It was an interesting evening before. I was in Nairobi badgering my father to take me to Quickmart to do some last minute shopping. The recipe I had originally decided on hadn’t panned out due to lack of a majority of the ingredients. Thankfully, I had a plan B which seemed more doable. 

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Tabet Pistach or Peanut Brittle is what I finally went with. A sweet and crispy dessert, it seemed easy to do. Lord, if I only knew. When it came to the ingredients, most of them were easily available. From Roasted peanuts, brown sugar, ginger, cinnamon, nutmeg, to water, and salt, it really wasn’t that hard even finding a majority of these lying in the kitchen cupboards. Anise Star Extract, was the only thing however, I had never heard of before I my life. I researched online and it seemed to be in a lot of the Haitian desert recipes. I found that it has an almost liquorice flavour that could hardly be substituted unless I got my hands on liquorice.

I went ahead with the other ingredients, praying it won’t be missing too much, I prepared and boiled the whole mixture (adding the nuts later on in the process).  The final result was a sweet, sticky, gooey, yummy mess. I tasted it because the Chef must partake of their meal before they hand it to guests, and I must say if you are a sweet tooth, this treat is definitely for you. I had to leave it out to cool and harden until the next day.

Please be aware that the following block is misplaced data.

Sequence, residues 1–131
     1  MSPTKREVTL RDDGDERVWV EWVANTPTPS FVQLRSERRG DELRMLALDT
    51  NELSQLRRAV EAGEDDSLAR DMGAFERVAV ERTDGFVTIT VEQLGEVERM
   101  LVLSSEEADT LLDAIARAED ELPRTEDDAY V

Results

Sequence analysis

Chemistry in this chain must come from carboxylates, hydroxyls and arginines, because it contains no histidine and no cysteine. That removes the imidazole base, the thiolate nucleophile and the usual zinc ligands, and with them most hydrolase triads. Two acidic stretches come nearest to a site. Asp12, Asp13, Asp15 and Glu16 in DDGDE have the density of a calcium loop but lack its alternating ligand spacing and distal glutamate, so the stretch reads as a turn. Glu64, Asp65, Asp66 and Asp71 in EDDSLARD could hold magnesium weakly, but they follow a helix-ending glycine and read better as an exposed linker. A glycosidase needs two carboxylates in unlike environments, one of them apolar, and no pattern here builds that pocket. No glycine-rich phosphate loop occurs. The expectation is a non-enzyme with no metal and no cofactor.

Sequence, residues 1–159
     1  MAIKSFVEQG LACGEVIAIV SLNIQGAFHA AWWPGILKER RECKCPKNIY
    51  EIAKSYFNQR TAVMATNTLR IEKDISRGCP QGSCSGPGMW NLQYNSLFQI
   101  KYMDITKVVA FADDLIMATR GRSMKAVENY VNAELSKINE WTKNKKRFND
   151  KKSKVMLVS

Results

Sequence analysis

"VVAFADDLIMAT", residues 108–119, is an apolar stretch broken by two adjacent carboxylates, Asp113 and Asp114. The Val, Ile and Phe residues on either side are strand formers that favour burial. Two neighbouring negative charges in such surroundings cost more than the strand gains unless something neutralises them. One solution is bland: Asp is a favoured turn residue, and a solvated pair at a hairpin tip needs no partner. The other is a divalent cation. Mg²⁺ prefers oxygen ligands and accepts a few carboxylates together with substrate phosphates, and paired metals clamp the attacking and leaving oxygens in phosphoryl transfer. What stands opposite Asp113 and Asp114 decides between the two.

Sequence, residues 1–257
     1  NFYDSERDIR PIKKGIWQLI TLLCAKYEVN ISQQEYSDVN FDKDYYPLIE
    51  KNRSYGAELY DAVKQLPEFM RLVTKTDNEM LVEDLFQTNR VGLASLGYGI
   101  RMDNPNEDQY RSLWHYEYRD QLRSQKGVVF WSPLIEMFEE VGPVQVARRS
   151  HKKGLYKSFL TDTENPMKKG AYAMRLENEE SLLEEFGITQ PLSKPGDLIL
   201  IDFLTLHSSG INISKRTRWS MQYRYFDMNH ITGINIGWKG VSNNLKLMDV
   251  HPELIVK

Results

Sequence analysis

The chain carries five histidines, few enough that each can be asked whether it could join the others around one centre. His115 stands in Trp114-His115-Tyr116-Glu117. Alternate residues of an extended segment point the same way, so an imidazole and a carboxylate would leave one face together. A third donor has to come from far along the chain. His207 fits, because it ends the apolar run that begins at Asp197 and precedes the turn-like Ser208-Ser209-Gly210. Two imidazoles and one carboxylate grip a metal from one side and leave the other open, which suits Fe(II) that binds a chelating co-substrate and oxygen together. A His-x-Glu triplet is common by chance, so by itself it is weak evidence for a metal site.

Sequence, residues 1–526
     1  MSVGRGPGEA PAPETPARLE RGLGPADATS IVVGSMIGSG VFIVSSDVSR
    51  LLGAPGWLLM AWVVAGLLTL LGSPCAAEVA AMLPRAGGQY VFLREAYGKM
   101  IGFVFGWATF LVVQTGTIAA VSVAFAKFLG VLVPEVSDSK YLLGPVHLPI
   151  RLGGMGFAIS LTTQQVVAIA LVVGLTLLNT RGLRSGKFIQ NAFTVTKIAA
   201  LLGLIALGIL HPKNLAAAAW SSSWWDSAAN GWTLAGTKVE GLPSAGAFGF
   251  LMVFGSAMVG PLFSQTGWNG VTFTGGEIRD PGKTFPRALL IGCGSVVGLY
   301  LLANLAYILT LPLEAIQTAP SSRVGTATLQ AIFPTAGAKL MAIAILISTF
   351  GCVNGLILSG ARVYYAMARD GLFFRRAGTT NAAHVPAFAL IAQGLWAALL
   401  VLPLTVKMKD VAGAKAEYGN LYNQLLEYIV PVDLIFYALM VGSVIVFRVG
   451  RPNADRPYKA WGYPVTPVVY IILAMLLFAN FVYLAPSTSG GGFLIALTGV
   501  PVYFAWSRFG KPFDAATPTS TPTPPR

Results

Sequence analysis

The next morning, I had to leave really early for Athi River so I didn’t have time to check on the desert. The journey to Athi River was treacherous for my little treat, as all the consistent hardness melted off in the Mavoko heat.

Eventually when we served it we had to eat from little cups but my classmates loved the sweetness non-the-less. Some even carried the leftover and went and froze it after I mentioned to them the intended solid consistency. Their feedback was beautifully positive.

Here is The Recipe (Haitian Cooking Website) in case you have a hankering for nuts and sweetness.